Trent University has announced that it will partner with Tianjin University of Commerce in China in an initiative that will bring new international students to Trent as early as 2017. The agreement will allow mathematics students at Tianjin University to complete the first two years of their degree in China and the next two at Trent. These graduates will then have the option of continuing in Mathematical Finance and preparing to enter Trent’s new graduate streams in Applied Modelling and Quantitative Methods, Big Data Analytics, and Financial Analytics. “We’re delighted to be able to extend this exciting international learning opportunity to students at Tianjin University of Commerce and we look forward to growing our relationship with the university and welcoming students to Trent and to Peterborough,” said Trent President Leo Groarke. Peterborough Examiner | Trent

Turkey detains 18 academics who signed petition condemning attacks on Kurds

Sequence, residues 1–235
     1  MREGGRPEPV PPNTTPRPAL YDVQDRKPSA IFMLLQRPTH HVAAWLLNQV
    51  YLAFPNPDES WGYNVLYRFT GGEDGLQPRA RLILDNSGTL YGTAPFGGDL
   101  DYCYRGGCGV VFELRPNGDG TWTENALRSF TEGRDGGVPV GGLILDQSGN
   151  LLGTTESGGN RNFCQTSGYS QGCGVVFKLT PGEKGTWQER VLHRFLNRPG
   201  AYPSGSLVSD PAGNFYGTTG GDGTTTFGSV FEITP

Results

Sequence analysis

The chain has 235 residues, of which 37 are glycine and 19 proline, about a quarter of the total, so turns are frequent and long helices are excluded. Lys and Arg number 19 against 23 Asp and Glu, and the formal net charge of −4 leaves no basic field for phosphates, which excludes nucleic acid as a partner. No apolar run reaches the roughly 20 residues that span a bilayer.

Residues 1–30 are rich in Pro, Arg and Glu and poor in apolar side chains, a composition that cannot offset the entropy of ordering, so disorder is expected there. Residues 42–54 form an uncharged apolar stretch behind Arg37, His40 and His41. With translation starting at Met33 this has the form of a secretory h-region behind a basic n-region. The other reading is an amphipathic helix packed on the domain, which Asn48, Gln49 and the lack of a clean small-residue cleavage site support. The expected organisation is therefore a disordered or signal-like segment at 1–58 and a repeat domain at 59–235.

18 academics were detained by Turkish police last Friday after they signed a declaration criticizing the government’s military operations against Kurdish rebels in the southeastern part of the country. The declaration received more than 1,000 signatures worldwide from academics including Noam Chomsky, who claimed they refused to be “a party to the crime” and asked Turkey to return to peace talks with the rebels. Turkish President Recep Tayyip Erdogan condemned the declaration as “terrorist propaganda” before telling the AP, “Just because they have titles such as professor, doctor in front of their names does not make them enlightened. These are dark people. They are villain and vile because those who side with the villain are villain themselves.” Lethbridge Herald (AP) | The Guardian | Chronicle of Higher Education

Why US colleges inflate their “sticker” price

Many US colleges publish excessively high “sticker” prices for enrollment that few to no students ever end up paying, writes Lucie Lapovsky for TIME, and this tactic might discourage many students from applying to better schools. According to Lapovsky, schools do this because they believe the public associates quality with price. A high price also allows the college to “shape” its incoming classes by selecting whom it wishes to provide grant money to; and finally, some administrators do not realize that lowering the published price will not necessarily shrink the school’s revenues. TIME